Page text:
As this academic year comes to a bittersweet end, the writers and editors of the Daily’s opinions section are feeling quite nostalgic. The past two quarters have incited much campus controversy and discourse surrounding everything from freedom of speech to the rights of graduate students. We have witnessed students rallying around, petitioning on, and writing…
Recently, one of my mother’s friends from her time in college passed away. Among the photographs and memories shared to commemorate his life were old letters he wrote to his friends from college during his time at Columbia Law. He shares memories of sneaking onto roofs and attending Friday happy hours. However, among the joyful memories and comedic tales, Harry weaves a much more salient message.
Welcome to the second edition of The Daily’s new crowd-sourced column, Frankly Speaking, which has community members weigh in on pressing campus news and debates.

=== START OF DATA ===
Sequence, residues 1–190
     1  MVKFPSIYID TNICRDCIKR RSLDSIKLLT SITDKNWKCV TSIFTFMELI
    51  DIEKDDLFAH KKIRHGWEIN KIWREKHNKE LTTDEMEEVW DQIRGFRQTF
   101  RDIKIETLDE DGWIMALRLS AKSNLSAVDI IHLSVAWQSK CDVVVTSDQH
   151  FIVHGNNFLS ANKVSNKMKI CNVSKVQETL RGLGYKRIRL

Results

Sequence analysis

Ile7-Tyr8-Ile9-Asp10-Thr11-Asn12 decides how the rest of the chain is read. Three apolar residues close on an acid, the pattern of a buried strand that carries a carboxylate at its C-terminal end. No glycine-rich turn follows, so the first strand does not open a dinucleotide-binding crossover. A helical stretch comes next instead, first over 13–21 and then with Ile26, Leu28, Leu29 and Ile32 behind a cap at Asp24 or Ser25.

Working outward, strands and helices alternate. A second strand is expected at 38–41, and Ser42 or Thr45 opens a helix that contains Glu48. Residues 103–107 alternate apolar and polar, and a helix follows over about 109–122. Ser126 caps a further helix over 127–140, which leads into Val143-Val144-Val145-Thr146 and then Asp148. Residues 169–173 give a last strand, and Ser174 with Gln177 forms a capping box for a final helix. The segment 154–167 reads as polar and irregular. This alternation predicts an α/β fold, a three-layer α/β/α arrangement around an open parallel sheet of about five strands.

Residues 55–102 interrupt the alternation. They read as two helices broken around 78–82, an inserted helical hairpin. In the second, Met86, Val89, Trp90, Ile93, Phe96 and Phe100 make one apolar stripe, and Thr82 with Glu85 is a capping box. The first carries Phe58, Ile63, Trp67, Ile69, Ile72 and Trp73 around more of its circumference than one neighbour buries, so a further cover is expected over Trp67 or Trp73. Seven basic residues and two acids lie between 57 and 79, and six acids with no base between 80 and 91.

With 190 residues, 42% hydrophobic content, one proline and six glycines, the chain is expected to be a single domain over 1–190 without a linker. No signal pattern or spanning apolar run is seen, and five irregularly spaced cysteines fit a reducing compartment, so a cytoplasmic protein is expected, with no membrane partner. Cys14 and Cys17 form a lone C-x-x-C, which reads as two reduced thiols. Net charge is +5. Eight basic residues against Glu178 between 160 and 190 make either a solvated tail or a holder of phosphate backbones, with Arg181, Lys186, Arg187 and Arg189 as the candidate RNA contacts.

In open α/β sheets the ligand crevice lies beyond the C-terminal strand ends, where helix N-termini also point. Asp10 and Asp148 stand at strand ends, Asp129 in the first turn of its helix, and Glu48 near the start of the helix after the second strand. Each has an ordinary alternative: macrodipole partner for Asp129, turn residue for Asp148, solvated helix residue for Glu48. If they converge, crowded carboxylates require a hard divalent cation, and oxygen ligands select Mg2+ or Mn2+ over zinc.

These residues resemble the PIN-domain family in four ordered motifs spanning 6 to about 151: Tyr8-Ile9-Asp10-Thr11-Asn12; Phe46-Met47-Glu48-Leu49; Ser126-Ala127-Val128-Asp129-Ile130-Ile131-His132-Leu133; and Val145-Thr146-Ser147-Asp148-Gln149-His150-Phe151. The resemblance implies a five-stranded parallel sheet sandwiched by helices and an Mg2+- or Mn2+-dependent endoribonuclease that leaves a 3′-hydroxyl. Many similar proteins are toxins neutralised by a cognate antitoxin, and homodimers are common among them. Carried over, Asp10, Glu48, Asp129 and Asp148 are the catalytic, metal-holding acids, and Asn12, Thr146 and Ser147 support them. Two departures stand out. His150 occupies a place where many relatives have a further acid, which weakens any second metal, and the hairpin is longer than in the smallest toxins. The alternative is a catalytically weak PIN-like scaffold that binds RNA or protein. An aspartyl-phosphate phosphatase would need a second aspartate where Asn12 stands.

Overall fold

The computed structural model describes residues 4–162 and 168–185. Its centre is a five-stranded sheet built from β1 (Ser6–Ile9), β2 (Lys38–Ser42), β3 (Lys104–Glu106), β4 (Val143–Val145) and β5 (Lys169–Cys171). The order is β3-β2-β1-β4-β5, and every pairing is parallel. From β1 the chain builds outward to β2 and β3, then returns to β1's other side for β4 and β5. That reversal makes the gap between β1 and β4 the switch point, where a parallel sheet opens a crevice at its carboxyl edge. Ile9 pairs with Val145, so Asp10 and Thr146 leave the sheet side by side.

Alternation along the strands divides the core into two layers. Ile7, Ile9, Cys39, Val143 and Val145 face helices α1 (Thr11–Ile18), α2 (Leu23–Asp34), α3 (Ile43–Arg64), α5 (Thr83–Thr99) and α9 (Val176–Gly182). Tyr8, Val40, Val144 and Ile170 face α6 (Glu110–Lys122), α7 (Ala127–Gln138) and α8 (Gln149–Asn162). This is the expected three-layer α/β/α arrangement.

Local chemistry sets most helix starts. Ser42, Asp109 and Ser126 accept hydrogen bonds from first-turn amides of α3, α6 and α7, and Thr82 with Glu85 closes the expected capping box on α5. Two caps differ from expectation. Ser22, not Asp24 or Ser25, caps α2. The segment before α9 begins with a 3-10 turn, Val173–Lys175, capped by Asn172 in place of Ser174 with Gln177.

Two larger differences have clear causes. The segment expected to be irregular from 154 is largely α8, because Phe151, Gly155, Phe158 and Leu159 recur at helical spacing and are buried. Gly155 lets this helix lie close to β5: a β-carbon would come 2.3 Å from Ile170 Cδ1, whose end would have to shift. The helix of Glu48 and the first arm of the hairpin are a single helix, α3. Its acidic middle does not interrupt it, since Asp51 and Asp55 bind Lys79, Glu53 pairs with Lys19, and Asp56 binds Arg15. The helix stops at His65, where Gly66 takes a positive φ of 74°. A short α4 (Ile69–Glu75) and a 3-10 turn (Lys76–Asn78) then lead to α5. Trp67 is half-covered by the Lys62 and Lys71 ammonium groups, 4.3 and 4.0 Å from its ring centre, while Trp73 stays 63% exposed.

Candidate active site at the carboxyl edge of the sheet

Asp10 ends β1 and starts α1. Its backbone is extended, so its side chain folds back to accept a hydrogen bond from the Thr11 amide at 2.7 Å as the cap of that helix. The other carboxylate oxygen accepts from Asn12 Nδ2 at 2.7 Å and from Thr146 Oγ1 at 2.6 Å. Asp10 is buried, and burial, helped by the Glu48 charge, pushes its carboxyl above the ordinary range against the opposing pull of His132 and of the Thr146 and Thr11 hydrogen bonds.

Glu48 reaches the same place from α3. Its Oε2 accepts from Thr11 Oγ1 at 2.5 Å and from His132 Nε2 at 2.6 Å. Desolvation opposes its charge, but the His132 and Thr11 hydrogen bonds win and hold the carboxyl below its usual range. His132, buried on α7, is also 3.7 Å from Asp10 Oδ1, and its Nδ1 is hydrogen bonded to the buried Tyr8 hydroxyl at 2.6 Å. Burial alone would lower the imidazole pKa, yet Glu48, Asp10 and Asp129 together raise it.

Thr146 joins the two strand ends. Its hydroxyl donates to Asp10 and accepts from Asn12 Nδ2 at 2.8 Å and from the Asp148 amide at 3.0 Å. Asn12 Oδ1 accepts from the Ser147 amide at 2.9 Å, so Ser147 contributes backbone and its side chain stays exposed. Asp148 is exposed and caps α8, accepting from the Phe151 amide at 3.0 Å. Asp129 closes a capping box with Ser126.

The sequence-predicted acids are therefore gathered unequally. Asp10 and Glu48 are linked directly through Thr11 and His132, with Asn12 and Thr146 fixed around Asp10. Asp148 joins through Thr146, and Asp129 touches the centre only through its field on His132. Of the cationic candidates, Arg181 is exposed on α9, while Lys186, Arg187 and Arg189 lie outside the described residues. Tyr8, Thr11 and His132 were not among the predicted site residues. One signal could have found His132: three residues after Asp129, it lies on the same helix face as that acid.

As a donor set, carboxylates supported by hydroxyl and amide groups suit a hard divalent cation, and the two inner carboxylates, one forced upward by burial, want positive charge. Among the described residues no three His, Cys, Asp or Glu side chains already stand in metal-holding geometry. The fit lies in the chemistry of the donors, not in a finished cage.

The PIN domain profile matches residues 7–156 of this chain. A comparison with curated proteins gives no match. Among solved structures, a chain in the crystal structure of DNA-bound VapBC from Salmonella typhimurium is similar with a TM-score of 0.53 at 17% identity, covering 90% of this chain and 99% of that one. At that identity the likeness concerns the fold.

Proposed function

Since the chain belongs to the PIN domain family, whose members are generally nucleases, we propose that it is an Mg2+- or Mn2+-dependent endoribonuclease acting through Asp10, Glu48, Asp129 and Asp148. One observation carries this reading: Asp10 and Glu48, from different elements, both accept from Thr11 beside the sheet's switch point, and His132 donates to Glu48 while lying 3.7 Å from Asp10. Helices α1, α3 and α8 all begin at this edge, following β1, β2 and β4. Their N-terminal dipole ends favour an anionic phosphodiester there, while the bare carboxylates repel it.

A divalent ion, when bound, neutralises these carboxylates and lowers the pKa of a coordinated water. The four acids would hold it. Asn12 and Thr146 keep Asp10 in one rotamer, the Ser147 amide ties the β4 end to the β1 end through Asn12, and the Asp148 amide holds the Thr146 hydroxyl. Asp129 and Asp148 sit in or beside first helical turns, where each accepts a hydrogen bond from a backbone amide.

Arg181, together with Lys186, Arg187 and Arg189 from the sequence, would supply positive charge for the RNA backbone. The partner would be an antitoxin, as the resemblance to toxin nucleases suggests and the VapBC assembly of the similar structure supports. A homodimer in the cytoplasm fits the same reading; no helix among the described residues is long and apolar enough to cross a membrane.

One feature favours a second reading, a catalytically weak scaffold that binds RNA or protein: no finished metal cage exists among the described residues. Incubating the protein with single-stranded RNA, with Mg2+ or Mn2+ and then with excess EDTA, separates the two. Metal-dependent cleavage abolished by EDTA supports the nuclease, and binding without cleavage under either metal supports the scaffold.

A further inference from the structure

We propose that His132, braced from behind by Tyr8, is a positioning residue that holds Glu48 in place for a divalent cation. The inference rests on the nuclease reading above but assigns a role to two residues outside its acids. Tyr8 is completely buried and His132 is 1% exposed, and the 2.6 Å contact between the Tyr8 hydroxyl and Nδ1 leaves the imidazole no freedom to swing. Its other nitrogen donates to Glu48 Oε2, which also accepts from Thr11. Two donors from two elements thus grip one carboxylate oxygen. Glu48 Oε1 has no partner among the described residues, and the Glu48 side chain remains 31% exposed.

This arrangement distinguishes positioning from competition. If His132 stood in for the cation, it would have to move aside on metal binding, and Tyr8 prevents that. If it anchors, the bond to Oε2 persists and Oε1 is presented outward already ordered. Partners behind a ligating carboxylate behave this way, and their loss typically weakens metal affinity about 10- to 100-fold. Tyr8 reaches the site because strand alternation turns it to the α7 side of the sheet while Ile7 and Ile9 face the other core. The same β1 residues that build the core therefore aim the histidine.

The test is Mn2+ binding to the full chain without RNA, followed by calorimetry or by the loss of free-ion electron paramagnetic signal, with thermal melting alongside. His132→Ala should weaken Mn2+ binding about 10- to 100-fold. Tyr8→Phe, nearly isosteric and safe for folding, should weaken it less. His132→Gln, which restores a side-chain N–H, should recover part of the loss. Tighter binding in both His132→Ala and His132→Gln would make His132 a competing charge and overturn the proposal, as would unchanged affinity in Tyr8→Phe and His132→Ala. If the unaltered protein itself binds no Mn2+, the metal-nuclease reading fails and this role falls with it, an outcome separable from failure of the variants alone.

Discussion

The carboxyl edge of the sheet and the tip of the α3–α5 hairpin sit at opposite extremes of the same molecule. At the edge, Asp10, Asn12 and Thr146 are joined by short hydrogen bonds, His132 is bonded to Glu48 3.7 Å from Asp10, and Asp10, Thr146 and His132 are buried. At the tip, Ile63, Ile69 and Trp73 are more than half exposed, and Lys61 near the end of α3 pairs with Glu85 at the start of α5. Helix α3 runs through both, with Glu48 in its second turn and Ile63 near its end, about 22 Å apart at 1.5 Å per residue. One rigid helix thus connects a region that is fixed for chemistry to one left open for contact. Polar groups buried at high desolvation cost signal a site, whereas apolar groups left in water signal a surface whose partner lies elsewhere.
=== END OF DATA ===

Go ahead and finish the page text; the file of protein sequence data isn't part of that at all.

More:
As I sat down to write my first opinion piece, a familiar thought greeted me: I understand so little of what I’m writing about that I can’t have an opinion on it. This was a thought previously most salient to me in discussion sections. I would stay quiet: an insecurity — insecurity that because I…
On the occasion of Senator Cory Booker’s presidential announcement, The Daily combed through its archives and discovered an intimate portrait of the former columnist’s personal development at Stanford.
Stanford is “addressing” a Facebook post — authored last Friday by former Undergraduate Senator and incoming Norcliffe Resident Assistant Hamzeh Daoud ’20 — that originally threatened physical violence against Zionists. The case holds potential for disciplinary action.
A Facebook post by Hamzeh Daoud ’20, in which he threatened to “physically fight” Zionist students, has sparked debate over not only Israeli-Palestinian relations but also over the limits of students’ speech and the potential consequences of an online threat.
It is clear to me that I was once terrified of change. I am still scared—scared of budgeting, of house hunting and of losing some of the dearest friends I have found here. But my last two years at Stanford have shown me that the only way to find true peace with yourself is by embracing change.